Nov. 17, 2011
By Briana Coyne
Alexa Maldonado says she was three years old the first time she threw a ball.
At thirteen, Maldonado vividly remembers being on the mound for a win against Clark in the district baseball finals.
Now, as a senior on the Irish softball team, Maldonado credits the success she's had thus far to the unwavering support of her family.
"The way I describe myself to people is that I am very family-oriented," she says. "That is the first thing I say."
Growing up in Millburn, N.J., Maldonado comes from a very close-knit Italian-Puerto Rican family that is very active in sports. One sport in particular that is important to the Maldonado family is baseball.
Maldonado's father, Frank, played baseball at Manhattan College and now shares his passion for the sport with Alexa and her three younger brothers. His knowledge of baseball helped Maldonado properly learn the fundamentals so she could excel on the softball diamond.
"It was the coolest thing. He coached me all through my career. He still coaches me now. I've always looked to him for advice and trust that he knows what he is talking about."
Head coach Deanna Gumpf says the elder Maldonado's mentality when coaching Alexa played an important role in her development as an athlete.
"Because of his background, it made sense for him to work with her as a baseball player. He gave her great guidance and he was a great teacher for her," remarks Gumpf. "I think the best thing they ever did was treat her as an athlete and not as a girl. By treating her as an athlete, they taught her the nuts and bolts that every kid should know about the game."
Maldonado's mother, whom she calls "her best friend," played an equally important role early on by driving her to countless games, practices and lessons. This allowed her to become the best player that she could be.
"Both my parents have made me the person that I am today. They have done an unbelievable job raising me the right way, teaching me the meaning of hard work, passion, love, respect and most of all, family."
Maldonado also is active in her brothers' baseball careers. Whenever home, she is outside throwing and hitting with them as well as giving them pointers.
"All of my immediate family and relatives have been here for me my whole life. With every decision I have made, they have been there," Maldonado explains. "They have helped me make the best decisions possible for me."
There was one decision in particular that Maldonado was hesitant to agree with - her transition from baseball to softball.
"It was the summer going into eighth grade that I had to make the switch. I was devastated. I thought I was going to play high school baseball, but my dad suggested that I switch sports," explains Maldonado. "He said it would be more beneficial for me to do that when it came to looking to play in college. Now looking back on it, it was the best and most obvious choice."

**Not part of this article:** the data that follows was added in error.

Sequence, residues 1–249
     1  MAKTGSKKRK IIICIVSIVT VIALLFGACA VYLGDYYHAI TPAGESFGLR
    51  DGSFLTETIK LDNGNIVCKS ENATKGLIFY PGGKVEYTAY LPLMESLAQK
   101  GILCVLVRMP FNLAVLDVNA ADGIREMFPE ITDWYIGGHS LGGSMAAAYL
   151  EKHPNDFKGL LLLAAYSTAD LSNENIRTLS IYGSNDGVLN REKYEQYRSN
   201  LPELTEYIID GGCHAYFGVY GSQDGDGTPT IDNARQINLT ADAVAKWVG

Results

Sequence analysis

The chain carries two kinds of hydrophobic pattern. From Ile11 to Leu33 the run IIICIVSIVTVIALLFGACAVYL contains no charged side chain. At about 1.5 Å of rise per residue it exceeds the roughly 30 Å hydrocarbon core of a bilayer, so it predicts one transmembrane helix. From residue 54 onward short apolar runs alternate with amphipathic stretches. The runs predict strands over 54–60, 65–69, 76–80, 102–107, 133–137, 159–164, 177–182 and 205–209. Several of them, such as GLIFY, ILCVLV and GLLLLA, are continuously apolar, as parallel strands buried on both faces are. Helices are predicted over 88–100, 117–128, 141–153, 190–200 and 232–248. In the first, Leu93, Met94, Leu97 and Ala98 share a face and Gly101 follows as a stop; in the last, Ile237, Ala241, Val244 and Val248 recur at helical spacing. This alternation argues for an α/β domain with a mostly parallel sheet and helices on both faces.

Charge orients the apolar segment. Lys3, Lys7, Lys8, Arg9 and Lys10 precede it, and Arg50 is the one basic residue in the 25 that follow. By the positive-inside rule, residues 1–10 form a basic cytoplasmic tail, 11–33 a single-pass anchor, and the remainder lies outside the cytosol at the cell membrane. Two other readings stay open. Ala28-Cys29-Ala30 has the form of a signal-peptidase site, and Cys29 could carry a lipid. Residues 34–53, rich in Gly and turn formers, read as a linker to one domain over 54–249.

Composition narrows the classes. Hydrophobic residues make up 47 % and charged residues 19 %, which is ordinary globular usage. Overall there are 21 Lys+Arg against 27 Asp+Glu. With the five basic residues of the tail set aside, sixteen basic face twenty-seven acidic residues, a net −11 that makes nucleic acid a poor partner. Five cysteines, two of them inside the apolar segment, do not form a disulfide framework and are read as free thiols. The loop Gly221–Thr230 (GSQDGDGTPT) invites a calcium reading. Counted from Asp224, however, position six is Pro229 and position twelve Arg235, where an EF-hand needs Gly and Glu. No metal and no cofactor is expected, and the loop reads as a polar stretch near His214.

This transition from baseball to softball was fairly effortless for Maldonado because of her strong understanding of the mechanics and fundamentals.
In her freshman year at Notre Dame, Gumpf said it was evident that being away from her family and home was a challenge for Maldonado. But it wasn't too long before she "figured out her place here."
Since then, Maldonado has proven to be a key player for the Irish leading the team in their 2011 campaign with the most runs (55), hits (74), doubles (14) and triples (3).
"If someone were to ask me on your team right now, who do you think has grown the most? I would say it's Alexa," remarks Gumpf. "I feel like she has become a great leader for our team."
Last spring, the National Fastpitch Coaches Association (NFCA) named Maldonado to first team all-Great Lakes Region honors. Earlier that season, during the UCF Invitational, Maldonado went 7-for-14 from the plate with three hits for extra bases (double, triple, home run) and had a slugging percentage of .929. This impressive performance resulted in Maldonado receiving a BIG EAST Player of the Week accolade.
"The one thing that has been her constant, her go-to, here at Notre Dame has been the game of softball. I feel that is home for her. No matter where she is playing," remarks Gumpf. "You know you are going to get the best Alexa on the field."
This past summer, Maldonado had the opportunity to return to baseball and play with the U.S. Women's National Team in Cary, N.C.
"When I am on the field it is the most amazing feeling in the world. It's an escape from the stresses of life. All that matters is the moment," describes Maldonado. "It is an unbelievable feeling to be so passionate about a simple game."
"I love watching her play," states Gumpf. "She looks like she is at home when she is playing the game."
For Maldonado, home has two different meanings, but both are strongly tied to one